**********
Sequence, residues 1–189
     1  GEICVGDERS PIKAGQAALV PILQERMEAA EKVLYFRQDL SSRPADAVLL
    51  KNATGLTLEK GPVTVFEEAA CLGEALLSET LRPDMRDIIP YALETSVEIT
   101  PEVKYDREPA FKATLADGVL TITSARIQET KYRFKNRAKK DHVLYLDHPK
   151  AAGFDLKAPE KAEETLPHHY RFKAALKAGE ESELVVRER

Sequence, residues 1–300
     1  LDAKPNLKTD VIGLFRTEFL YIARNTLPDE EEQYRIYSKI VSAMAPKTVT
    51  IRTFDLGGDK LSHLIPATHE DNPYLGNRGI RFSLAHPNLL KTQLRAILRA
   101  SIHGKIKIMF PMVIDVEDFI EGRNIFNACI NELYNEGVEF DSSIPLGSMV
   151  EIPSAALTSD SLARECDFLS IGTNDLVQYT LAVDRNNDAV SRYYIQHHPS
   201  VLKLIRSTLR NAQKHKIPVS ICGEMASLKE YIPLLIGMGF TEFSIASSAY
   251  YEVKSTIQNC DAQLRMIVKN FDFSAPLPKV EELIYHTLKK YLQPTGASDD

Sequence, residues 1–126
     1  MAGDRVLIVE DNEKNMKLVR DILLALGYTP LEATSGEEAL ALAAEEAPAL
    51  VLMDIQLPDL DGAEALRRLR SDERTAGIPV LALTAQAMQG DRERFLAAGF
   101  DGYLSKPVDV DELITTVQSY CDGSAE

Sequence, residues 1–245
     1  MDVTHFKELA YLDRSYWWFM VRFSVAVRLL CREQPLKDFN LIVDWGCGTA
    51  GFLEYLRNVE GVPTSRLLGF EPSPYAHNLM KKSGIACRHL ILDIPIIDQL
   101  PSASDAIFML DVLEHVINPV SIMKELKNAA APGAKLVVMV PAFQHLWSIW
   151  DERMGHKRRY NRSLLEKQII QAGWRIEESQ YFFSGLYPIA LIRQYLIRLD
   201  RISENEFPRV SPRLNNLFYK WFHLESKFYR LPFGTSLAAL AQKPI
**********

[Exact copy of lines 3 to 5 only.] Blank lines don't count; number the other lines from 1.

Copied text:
    51  KNATGLTLEK GPVTVFEEAA CLGEALLSET LRPDMRDIIP YALETSVEIT
   101  PEVKYDREPA FKATLADGVL TITSARIQET KYRFKNRAKK DHVLYLDHPK
   151  AAGFDLKAPE KAEETLPHHY RFKAALKAGE ESELVVRER